iAdapt Navigation Technology
There are three versions of the iAdapt navigation systems. The i- and s-series robots use iAdapt 3.0, only the 900 series uses iAdapt 2.0, and the 880, as well as the 860, utilize the original version, known as iAdapt. This technology uses sensors to determine the location and direction of the robot.
Drop and bump sensors keep the robot from falling down the stairs or crashing into walls and solid objects. The original version doesn’t use cameras or vSLAM technologies, so there aren’t any mapping features to go along with the sensor-based navigation.
AeroForce Vacuuming Technology
The filtration and airflow system, known as AeroForce is the second edition, following the AeroVac system of the 600 series. The Roomba 860 and 880 both use AeroForce technology, which creates better suction, more airflow, and HEPA style filtration to help reduce allergens in your home.
Full Bin Indicator
Both models also come with a full bin indicator. When the dust bin sensor detects that the bin is full the display will show a trash icon to alert you that the container needs to be emptied soon. If the bin is allowed to fill completely, the robot will shut down until it is emptied.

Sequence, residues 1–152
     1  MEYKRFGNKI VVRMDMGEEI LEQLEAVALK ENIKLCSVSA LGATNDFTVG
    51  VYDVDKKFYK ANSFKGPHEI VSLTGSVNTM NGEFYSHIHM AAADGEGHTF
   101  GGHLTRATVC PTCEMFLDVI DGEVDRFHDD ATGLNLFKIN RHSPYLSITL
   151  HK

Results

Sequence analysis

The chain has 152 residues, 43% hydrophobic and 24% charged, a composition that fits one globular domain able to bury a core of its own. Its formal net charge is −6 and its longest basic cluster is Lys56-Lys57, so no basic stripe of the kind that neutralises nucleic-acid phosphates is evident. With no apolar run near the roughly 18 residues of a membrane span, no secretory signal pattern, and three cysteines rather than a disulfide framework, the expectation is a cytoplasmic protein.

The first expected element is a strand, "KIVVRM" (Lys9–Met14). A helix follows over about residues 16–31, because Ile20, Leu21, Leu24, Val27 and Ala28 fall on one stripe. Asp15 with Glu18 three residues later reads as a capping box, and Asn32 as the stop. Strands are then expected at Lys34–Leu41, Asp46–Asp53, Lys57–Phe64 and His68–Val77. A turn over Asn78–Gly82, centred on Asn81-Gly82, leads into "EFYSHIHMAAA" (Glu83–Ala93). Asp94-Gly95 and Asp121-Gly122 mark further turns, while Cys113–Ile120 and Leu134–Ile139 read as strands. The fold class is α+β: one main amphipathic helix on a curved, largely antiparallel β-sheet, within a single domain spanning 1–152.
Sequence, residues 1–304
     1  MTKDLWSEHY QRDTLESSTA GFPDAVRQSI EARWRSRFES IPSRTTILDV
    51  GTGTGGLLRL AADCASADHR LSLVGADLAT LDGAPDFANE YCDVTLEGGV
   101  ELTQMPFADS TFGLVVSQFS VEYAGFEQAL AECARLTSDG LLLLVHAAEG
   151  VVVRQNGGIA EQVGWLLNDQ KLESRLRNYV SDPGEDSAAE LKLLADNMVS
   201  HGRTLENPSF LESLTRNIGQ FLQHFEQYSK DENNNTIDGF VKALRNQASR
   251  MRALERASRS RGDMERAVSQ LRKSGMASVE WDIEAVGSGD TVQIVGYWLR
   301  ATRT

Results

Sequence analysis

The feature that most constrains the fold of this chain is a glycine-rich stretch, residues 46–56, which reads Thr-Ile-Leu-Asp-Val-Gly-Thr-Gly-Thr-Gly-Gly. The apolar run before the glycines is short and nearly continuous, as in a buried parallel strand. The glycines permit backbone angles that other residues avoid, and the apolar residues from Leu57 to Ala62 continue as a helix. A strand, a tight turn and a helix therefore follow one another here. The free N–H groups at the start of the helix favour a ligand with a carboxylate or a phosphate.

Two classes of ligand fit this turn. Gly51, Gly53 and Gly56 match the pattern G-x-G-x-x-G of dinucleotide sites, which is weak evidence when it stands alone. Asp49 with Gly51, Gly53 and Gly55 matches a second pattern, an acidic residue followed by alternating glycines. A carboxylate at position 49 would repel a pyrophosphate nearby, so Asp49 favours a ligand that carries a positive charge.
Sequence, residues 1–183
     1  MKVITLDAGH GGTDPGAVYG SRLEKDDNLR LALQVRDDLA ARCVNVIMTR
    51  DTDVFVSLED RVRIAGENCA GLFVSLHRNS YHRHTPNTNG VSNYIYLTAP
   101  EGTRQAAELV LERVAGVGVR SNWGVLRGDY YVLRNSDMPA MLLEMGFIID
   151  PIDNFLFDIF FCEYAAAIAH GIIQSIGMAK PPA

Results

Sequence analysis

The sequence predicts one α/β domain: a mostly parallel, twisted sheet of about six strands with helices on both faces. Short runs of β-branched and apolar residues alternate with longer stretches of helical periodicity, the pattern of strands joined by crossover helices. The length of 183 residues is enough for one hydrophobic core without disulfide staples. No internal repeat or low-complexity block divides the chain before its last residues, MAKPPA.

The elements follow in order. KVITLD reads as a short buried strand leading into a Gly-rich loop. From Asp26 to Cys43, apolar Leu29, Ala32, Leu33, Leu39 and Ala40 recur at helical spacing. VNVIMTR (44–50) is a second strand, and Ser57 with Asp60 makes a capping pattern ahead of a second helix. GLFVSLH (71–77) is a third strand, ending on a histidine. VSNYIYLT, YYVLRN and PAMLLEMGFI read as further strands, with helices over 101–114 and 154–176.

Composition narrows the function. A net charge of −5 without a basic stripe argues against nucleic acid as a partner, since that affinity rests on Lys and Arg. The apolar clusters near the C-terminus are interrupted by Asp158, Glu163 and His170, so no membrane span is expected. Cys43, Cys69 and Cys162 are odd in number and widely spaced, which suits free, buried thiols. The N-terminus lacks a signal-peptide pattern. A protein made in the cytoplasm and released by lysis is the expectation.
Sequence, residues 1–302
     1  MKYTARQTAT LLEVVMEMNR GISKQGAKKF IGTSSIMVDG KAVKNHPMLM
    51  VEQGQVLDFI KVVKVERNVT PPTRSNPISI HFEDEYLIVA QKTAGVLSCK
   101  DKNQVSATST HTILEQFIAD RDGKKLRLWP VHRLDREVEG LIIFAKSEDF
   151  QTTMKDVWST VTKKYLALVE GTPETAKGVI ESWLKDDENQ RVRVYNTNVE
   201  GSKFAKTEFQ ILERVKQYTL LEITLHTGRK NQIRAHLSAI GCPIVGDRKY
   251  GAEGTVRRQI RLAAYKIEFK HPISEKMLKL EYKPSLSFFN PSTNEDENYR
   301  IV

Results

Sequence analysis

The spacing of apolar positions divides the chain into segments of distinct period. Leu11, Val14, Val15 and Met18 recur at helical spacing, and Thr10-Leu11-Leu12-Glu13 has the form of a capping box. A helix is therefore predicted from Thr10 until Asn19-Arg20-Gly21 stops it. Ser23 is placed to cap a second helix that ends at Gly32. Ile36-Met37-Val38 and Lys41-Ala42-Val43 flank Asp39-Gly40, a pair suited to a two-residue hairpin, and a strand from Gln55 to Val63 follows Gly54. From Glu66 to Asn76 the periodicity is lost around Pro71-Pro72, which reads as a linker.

The AeroForce system utilizes a high-efficiency filter. These filters are HEPA quality, capturing and holding allergens and dust down to 3 microns in size. The 880 and 860 both use the high-efficiency filters, reducing the allergens in your floors by up to 99%.
Part of the 3-stage cleaning system is the debris extractors. The two models here each use the tangle-free rubber extractors. These bristle-less rollers use rubber paddles to sweep, collect, and separate debris.
They also alert if they get snagged on larger debris or cords. Reversing their direction, the robot will attempt to free themselves and maneuver around the obstruction once they are clear.